André Schneider, through his consultancy, André Schneider Global Advisory, partners with Global Footprint Network on one of our strategic programs, Competitiveness 2.0.
Building on Schneider’s 10+ years as Managing Director and COO at the World Economic Forum, together we are well positioned to engage senior administrators and economic decision-makers on how to succeed in the new era of resource constraints.
André Schneider explains why he believes resource constraints are becoming so central to a nation’s competitiveness.
Q. What are indications that resource constraints are affecting competitiveness?
A. When we look at the competitive positioning of countries today, we can see that the most important negative factor is the macroeconomics situation (like debt, import-export balance, government budget balance—see cases like Greece). If we look at some countries that have trouble managing this and are hence under pressure, we can see how the need to import resources (like food and fossil fuel) increases the pressure on the macroeconomics situation through rising costs.
To illustrate this, let’s look at Egypt. Here are the facts: 1) Egypt has a continuously increasing biocapacity deficit, and has to import food. Furthermore it needs to subsidize food, given the rising prices and the fact that food represents more than 30 percent of the average household expenditures. This puts pressure on the population and the public debt (due to the subsidization). 2) Egypt has been using more and more of its own fossil resources for its own use, also due to subsidizing, and is now close to having to import energy. This again will put more pressure on the public debt and further worsen the macroeconomics standing of the country. 3) In conclusion, all this pressure on public finances diminishes the country’s ability to invest in a better infrastructure for food and alternative energies, and improve the economic development for its citizens. Many of these effects have also been important factors in the rise of civil unrest.
Q. What are the opportunities for promoting an updated competitiveness approach?
A. In the coming years, prices will increase and resources will become more difficult to procure. Every country will have to find a sound and balanced approach between resource needs, macroeconomic capacity to develop the country and to access these resources, and a real continuous improvement of the social evolution of the country. Global Footprint Network and I call this “Competitiveness 2.0,” an upgrade of the widely used competitiveness idea promoted by Michael Porter. Competitiveness 2.0 shifts the focus on these three important areas, to give a better understanding of the current situation and the trends that led us here. Competitiveness 2.0 will give the elements necessary to define a framework of future development that will protect a country from continued pressure due to increasing resource constraints around the globe. Such a strategy will improve a country’s competitive standing and allow it early on to profit from its repositioning due to a better economic, and hence social, evolution.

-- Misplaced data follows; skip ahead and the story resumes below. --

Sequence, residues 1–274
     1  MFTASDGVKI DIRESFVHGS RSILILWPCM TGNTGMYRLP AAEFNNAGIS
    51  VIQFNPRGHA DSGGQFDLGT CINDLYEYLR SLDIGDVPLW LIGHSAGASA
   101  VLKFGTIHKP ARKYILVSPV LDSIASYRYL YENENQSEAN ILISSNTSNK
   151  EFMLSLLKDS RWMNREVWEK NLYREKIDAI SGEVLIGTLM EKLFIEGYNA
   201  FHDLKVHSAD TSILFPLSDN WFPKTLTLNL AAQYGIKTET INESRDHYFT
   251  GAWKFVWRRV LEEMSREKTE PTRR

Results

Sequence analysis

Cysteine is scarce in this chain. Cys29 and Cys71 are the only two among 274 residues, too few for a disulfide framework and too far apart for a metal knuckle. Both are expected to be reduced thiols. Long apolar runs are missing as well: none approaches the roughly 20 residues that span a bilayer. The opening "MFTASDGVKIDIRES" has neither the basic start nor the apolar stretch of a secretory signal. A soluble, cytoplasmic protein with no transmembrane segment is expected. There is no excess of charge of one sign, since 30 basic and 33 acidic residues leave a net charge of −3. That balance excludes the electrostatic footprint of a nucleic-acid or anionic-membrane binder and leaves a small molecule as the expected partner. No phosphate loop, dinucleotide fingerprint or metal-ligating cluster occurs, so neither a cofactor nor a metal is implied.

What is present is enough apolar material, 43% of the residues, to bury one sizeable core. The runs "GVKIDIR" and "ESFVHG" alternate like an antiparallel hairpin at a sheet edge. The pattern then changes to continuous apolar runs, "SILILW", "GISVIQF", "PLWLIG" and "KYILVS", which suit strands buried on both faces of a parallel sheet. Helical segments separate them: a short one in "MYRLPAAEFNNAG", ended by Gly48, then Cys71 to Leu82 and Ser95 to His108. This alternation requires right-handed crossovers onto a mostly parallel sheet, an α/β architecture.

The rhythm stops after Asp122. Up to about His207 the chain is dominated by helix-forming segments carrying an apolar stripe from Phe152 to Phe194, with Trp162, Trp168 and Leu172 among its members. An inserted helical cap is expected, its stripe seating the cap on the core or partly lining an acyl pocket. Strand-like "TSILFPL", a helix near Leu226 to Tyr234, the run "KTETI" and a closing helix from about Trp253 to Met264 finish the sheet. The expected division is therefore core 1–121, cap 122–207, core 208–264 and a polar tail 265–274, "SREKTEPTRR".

Q. How will this change the way countries’ economic success is viewed today?
A. Today, economic success is generally measured by looking at GDP growth, and to a lesser extent at the overall macroeconomic situation. This does not show if such a success is sustainable because a success uniquely based on resource exploration and on the assumption of low prices cannot be maintained. This view does not allow us to identify and address quickly unsustainable economic patterns, like constantly increasing debt. Finally, it does not allow us to value social development, based on a more equally distributed wealth, improved life conditions, and access to better education. In conclusion, using the Competitiveness 2.0 approach will allow a country to develop a really sustainable competitive strategy, and hence ensure a much more sustainable and long-term favorable environment for economic and social development.
Q. Which countries will emerge as the most competitive, and the least?
A. When we look at trends, we can see that countries like Norway are positioned quite strongly, with a good prospect for a sound and sustainable future. For instance, they are using their fossil energy resources to finance future projects to increase sustainability and using renewable energies, like hydro, for their own energy needs. By doing so, Norway is creating a very sound macroeconomic situation. Such a positioning unlinks them from the negative effects of resource scarcity and creates the wealth for future sustainable development.
On the other hand, countries like Egypt expose themselves to major risks of food crises and energy dependency, which will limit their capacity to create the infrastructure to improve social and economic development. Furthermore, given the advanced state of these trends, solutions without a major short-term negative impact will be very difficult to find and implement.
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